Furthermore, it is obvious that most of the ravages that the pandemic has made are strongly related to health problems derived from food consumption practices that have been fostered around the world by transnational corporations of the food sector.7 (Schlosser 2001). The most vulnerable people to COVID-19 are those who are suffering from diseases caused by the frenetic lifestyle of the globalized economy, such as stress, fast food, sedentary life associated with long commuting distances from workplaces to home, and psychological depression. The victims of the pandemic have been mainly people suffering from hypertension, obesity, respiratory problems, diabetes, in short, diseases linked to modern life, dwelling in cities with heavy environmental pollution and in rural areas flooded with agrochemicals that poison water, air and soil. After overcoming the current crisis, it would be irresponsible and even suicidal to continue doing the same things as before, knowing that these practices are what have led to the death of thousands of people around the globe.

Hence the need to think of a new type of economy, where the local and the national are in the foreground, ensuring healthy practices, both for people and for their respective environments. Practices where the aforementioned principles of behavior are present, which have proven to be the ones indicated in situations like the one we are experiencing. Principles that could be synthesized in the phrase: “I take care of myself and I take care of you. You take care of yourself and you take care of me”.

Also an outstanding phenomenon that is highlighting the economic crisis stemming from the pandemic is a new milestone in the declining trend of US hegemony worldwide.8 This trend is not new, it can be observed at least since the end of the Cold War, when it seemed that the United States was the great and unique master of the world economy. However, this triumph did not last long. First, it was the European Union that questioned the power of Washington and later China is being the main architect of a new economy not subordinated to the US dollar. Besides, there is one more fact worth mentioning. It is the divorce between the interests of the North American transnational corporations and those of the White House. Today it is no longer possible to say, as before: "What is good for General Motors is good for the United States." This fact was demonstrated since the beginning of Trump´s government. His protectionist measures targeted the same globalization that had been benefiting the American transnational corporations. The emphasis placed by this president on the need to increase employment within the country and to increase investments in it, went against the profitability principles that had been guiding the strategies of multinationals and that formed the basis of economic globalization.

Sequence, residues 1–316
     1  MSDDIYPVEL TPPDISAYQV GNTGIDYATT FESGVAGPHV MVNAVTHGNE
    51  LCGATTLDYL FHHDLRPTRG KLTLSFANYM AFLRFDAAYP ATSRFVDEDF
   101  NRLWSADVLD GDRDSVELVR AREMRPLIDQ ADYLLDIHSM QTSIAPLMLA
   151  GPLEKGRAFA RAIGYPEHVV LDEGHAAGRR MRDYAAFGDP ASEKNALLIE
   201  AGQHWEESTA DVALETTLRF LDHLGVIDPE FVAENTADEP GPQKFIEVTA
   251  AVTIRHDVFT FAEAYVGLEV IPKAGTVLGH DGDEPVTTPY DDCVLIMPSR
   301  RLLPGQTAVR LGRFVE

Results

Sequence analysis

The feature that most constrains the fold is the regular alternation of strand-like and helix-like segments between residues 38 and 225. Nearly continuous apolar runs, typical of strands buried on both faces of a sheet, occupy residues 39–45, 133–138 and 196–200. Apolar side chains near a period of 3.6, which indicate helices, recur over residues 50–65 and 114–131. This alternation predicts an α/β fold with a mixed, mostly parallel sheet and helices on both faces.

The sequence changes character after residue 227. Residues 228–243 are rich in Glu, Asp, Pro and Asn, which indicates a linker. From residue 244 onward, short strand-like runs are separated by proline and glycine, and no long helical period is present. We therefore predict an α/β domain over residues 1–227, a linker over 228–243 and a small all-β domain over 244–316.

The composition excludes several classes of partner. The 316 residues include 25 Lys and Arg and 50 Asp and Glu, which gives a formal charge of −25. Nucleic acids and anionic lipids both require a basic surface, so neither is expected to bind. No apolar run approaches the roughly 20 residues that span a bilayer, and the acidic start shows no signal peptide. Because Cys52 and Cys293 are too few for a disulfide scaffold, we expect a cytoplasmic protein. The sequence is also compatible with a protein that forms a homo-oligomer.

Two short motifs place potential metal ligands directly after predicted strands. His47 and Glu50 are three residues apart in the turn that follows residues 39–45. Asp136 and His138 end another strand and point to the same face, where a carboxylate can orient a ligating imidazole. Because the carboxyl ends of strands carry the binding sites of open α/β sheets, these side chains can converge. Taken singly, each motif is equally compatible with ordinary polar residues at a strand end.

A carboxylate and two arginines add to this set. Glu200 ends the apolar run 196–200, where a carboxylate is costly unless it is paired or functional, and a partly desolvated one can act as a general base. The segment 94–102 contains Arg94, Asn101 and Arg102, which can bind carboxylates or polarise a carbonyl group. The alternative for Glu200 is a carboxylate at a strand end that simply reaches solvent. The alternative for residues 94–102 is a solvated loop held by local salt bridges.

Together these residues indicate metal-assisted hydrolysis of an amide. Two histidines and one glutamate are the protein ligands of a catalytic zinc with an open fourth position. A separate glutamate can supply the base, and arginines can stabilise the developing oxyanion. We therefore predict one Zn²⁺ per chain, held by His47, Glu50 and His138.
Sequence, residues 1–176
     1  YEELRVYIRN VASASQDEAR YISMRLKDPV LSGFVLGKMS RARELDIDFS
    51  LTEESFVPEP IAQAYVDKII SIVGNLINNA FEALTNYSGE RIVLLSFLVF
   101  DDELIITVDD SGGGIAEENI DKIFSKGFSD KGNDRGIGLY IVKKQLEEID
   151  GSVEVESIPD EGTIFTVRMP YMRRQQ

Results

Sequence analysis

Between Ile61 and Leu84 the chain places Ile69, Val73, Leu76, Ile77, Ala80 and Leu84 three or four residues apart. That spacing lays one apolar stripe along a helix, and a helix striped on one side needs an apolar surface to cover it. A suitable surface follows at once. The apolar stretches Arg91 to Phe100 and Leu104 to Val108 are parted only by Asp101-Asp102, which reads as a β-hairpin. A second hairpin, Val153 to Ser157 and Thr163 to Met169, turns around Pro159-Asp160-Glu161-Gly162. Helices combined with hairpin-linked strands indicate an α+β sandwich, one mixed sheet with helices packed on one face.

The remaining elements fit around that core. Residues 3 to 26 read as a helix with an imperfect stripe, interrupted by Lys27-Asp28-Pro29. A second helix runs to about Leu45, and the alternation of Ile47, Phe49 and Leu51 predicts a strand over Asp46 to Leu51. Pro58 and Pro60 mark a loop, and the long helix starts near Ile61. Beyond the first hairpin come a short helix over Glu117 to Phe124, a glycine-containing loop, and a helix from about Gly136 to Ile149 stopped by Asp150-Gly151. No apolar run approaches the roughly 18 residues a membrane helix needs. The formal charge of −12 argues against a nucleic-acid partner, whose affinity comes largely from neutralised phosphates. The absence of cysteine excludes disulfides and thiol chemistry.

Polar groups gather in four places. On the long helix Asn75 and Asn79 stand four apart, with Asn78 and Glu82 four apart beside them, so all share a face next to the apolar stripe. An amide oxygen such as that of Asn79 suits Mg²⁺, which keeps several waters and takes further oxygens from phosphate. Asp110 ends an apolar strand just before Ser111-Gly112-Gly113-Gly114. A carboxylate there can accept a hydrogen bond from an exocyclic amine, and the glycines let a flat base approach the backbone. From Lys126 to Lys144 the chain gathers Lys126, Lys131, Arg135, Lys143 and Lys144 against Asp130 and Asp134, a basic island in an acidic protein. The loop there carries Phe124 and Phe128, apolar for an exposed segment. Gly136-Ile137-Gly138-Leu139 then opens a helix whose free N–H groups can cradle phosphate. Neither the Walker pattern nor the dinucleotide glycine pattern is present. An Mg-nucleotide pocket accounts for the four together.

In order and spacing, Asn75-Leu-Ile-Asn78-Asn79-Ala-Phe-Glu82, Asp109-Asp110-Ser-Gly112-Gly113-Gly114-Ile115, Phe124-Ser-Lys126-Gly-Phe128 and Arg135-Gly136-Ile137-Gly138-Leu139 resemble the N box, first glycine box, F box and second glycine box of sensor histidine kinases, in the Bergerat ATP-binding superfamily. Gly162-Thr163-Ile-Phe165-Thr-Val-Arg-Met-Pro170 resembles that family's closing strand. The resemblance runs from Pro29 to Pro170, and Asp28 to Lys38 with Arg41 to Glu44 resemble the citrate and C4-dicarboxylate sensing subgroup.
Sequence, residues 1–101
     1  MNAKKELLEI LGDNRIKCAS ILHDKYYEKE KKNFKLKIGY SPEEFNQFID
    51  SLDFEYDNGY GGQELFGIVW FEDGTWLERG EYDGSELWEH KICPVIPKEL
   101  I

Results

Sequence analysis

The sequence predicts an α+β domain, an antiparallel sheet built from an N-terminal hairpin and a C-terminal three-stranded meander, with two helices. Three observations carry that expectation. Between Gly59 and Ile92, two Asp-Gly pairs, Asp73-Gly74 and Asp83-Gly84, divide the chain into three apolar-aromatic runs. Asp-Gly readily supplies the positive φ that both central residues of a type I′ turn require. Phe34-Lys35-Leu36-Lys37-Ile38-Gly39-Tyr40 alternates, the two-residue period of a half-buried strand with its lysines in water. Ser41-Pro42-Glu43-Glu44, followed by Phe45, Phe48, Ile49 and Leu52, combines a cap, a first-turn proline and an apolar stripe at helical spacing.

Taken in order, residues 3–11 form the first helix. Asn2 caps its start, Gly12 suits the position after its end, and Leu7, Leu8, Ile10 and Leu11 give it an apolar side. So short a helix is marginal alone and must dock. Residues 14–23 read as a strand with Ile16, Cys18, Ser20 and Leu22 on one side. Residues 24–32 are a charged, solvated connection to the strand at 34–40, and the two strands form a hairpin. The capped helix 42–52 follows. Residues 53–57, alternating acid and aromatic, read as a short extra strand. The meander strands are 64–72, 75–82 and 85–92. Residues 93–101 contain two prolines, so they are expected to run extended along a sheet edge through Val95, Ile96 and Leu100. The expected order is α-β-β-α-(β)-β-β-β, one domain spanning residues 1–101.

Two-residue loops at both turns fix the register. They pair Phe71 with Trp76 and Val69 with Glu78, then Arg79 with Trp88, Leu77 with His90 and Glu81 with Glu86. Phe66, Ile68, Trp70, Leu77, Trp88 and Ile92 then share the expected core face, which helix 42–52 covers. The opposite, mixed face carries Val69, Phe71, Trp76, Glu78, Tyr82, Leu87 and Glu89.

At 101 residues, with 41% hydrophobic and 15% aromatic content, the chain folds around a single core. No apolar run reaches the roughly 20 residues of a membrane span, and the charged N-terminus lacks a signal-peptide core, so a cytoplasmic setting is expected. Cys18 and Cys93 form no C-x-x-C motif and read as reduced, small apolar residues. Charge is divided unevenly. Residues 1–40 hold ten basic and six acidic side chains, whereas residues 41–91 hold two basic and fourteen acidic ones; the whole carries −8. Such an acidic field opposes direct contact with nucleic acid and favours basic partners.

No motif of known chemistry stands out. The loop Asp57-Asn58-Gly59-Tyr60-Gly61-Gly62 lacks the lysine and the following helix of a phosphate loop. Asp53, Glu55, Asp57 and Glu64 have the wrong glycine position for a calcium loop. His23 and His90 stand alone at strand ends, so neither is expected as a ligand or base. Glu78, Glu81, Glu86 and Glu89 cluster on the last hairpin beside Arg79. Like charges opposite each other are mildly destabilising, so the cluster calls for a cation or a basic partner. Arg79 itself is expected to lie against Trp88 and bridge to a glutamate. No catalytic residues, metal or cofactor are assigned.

Accordingly, there are grounds for thinking that the current globalized world economy will give way to a plurality of world-economies in the Braudelian sense. One of them could still be centered around the USA. Another one would be located at the European Union, where Germany and France seem to be the axes of the system and to which Russia and probably Turkey could also approach. The third one, but in the near future probably the most powerful, would be East Asia with China at the forefront, closely followed by Japan and South Korea in the first place and in the background the rest of South-East Asian economies. This world- economy could display strong ties to Australia and New Zealand. In fourth place would be certain economies whose relevance is increasing and which could forge ties with one or more of the three main world-economies mentioned above. This would be the case of Brazil and India, for instance.

However, the most relevant fact would be not only the regionalization of the current global economy, but the transformation of its operating principles. First of all, the return of the state as a fundamental economic agent. This, based on the conviction that leaving everything in the hands of the market has led to serious troubles, not only social and environmental ones, but even economic problems. Needless to say that this "new" interventionist state should not be an updated version of the old Keynesian state, which led to a deep fiscal crisis, and fostered an extreme and inefficient protectionism, that created internal monopolies protected from external competition. In no way can it be the misogynist state that ignores the fact that almost half of the workforce is made up of women. Fact that is not reflected in the cabinets or parliaments. Neither, it cannot be a strongly centralized state state that ignores ethnic and cultural minorities. Undesirable would be also the corrupt state that exists both in advanced and in poor countries. No longer can the state be the servant of the big capital. The state only concerned with the trade balance and the promotion of exports, the myopic state that is not aware of the long term, and ignores the environment, considering it just as "natural resources".


Based on all these negations, one should think of the positive proposals, whose feasibility will depend on the social, political and cultural conditions of each country, generally ignored by main stream economists. In addition, local and regional governments should become main actors in the implementation of such proposals, leaving behind centralism and authoritarianism that have generally led to inequalities and marginalization.

In sum, it is undeniable that COVID-19 pandemic has exposed the vulnerability of the economies, societies and political systems that have been operating on erroneous principles. It has also made clear that the most important thing for a country is not its GDP, nor its trade balance, nor its exchange rate, nor its international competitiveness purchased at the cost of environmental damage and the annihilation of the dignity and health of people. Countries proud of these indicators are being hit the same as others that have busily and unsuccessfully tried to catch up with the former.



Conflicts of interest

The author declares no conflict of interest.


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©2021 Maya-Ambía. This is an open access article distributed under the terms of the, which permits unrestricted use, distribution, and build upon your work non-commercially.